Tips on when to self-medicate and when to seek medical care

Are you feeling unwell? Are you still experiencing symptoms after trying some form of treatment? The following tips will help identify your options and encourage you to speak with your pharmacist before you try any new medications.


Tip 1: Consider your options:

  • Do nothing (wait-and-see approach)
  • Use non-medicated form of treatment (such as warm compress, bed rest, good hydration)
  • Speak with to your pharmacist before self-medicating with prescription or non-prescription products
  • Seek immediate medical care

Tip 2: Seek immediate medical care if you are feeling any* of the following signs:

  • Seizures
  • Chest pain
  • Severe pain
  • Difficulty speaking
  • Difficulty breathing
  • Paralysis of face/arms/legs
  • Persistent or severe vomiting
  • Yellowing of skin and/or eyes
  • Pain and/or blood on urination
  • Blue/purple discolouration of lips
  • Fever of unknown cause for more than 24 hours
  • Persistent bleeding/bruising with unknown cause
  • Change in level of consciousness or senses (including vision, hearing, taste)
  • Signs of infection/inflammation (i.e. - pus, swelling, redness, tenderness, heat)

  • *Note: This list is not exhaustive

Tip 3: Ask yourself the following questions to assess your own symptoms:

1.    Do my symptoms require urgent medical care?

If the answer is “yes” (could be due to some of the signs in Tip 2), consider seeking immediate medical care.

If the answer is “no” consider waiting, and speak with your pharmacist before you self-medicate.

Example: One day of runny nose (may resolve on its own) vs. one day of difficulty breathing (seek immediate medical care).

2.    What symptoms am I experiencing?

Ask this question to identify your options and the most appropriate treatment (if any).

Example:  Are you experiencing symptoms that include sneezing, runny nose, itchy eyes or rash? Ask your pharmacist whether your symptoms are ones of allergies - they may or may not require a prescription and are available as tablets, liquids, nasal sprays, eye drops, skin creams, and injections.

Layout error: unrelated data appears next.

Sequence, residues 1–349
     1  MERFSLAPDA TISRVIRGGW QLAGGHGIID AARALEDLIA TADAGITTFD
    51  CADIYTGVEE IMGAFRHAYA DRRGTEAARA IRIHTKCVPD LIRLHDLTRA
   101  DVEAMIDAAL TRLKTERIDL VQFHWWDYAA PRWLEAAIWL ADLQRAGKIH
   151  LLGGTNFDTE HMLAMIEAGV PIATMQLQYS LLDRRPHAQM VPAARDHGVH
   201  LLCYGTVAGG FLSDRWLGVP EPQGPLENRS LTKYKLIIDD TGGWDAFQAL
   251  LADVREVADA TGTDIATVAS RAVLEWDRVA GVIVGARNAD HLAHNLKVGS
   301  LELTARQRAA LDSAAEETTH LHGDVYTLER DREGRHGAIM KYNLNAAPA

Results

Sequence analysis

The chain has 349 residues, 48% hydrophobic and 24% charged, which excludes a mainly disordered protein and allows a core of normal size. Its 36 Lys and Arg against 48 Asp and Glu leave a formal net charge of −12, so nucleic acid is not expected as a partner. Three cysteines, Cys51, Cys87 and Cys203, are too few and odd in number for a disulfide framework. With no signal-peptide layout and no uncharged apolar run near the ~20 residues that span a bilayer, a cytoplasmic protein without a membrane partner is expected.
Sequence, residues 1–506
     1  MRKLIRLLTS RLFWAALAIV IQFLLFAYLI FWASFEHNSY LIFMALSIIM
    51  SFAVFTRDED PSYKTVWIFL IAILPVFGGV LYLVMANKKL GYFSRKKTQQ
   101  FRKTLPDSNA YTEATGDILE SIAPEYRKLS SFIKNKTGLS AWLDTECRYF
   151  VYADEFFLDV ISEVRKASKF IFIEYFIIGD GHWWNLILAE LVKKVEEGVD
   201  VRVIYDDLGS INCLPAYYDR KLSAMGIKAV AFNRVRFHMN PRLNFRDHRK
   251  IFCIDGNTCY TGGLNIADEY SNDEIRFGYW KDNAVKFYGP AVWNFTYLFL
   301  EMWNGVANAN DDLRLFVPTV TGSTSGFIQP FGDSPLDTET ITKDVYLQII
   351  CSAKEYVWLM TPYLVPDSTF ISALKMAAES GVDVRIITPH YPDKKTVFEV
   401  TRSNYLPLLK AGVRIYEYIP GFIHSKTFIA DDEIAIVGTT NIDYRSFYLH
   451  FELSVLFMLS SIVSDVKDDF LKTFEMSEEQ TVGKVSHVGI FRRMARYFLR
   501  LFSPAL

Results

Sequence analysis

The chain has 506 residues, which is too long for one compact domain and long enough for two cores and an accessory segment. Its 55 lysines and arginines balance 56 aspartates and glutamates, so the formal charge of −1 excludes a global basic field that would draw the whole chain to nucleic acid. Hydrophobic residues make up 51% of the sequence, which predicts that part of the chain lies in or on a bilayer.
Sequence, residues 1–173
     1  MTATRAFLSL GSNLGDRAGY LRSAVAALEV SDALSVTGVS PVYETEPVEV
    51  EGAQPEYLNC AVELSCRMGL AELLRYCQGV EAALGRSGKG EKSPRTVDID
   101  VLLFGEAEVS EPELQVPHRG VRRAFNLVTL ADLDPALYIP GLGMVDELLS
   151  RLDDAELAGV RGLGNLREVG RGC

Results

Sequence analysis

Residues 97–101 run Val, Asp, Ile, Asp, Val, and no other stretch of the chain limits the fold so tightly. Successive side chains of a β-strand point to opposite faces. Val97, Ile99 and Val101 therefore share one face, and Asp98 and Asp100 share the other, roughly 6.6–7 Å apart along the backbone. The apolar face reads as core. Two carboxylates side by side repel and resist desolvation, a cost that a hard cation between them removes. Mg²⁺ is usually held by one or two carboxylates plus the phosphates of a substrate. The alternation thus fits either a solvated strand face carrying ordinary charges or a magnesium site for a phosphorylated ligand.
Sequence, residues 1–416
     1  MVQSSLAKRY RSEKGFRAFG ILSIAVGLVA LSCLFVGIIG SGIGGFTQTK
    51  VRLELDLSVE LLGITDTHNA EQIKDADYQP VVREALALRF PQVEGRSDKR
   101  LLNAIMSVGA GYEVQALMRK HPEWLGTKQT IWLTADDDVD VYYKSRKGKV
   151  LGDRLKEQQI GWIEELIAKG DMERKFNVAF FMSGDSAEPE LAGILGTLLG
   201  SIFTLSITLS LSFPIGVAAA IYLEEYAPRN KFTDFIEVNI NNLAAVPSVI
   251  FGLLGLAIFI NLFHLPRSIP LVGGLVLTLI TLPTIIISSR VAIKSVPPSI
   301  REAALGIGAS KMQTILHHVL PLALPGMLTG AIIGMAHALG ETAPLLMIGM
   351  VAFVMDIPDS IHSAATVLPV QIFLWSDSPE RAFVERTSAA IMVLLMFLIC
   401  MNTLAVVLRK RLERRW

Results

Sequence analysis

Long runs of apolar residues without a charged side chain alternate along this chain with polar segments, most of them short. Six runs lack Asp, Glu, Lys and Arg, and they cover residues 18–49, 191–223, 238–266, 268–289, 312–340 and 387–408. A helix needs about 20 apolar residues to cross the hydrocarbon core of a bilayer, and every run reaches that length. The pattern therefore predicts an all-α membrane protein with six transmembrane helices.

3.    When did my symptoms start? Do they come and go? Are they persistent?

Ask this question to identify the cause and severity of the symptom.

Example: Rash appeared after trying a new cream, cleanser, or detergent (potentially causing the symptom).

4.    What factors make my symptoms better or worse?

Ask this question to avoid the triggers that make it worse, and implement the therapies that make it better.

Example: Symptoms are worsened by pollen – avoid it during seasonal allergies and implement good hydration for your cold.

Tip 4: When you visit the pharmacy, come prepared by bringing a list that includes:

  • Your allergies
  • Your concerns, goals, and questions
  • Your symptom history (onset, severity, location)
  •  Your medical and family health history (past and current)
  • Your current medication list (prescription, over-the-counter, vitamins, herbs, supplements, sprays, drops, topicals, etc.)
  • Your lifestyle factors (use of caffeine, tobacco, alcohol, etc.)
  • Your laboratory results, if known (blood pressure, blood sugar, cholesterol, etc.)

Tip 5: Always read the medical ingredients, strength, uses, warnings and directions on the product label. However, when in doubt, always ask your pharmacist!

Tip 6: While speaking to your pharmacist, ask the following questions:

  • What over-the-counter (OTC) medications are available for the specific symptoms?
  • How often should this medication be taken?
  • For how long should this medication be taken?
  • When should this medication start to work?
  • How much of this medication should be taken?
  • Are there other medications that should be avoided with this medication? (i.e. – Prescription, over-the-counter, herbs, vitamins, supplements, sprays, drops, topicals, etc.)
  • Are there any side effects of this medication and what is the best management?
  • What lifestyle changes can be made? (i.e. – Does it involve a change in diet, caffeine, exercise, smoking, or alcohol?)

Your pharmacist is a critical member of your healthcare team.

Work with them to make the most of your pharmacy visit and to gain control over your own health!

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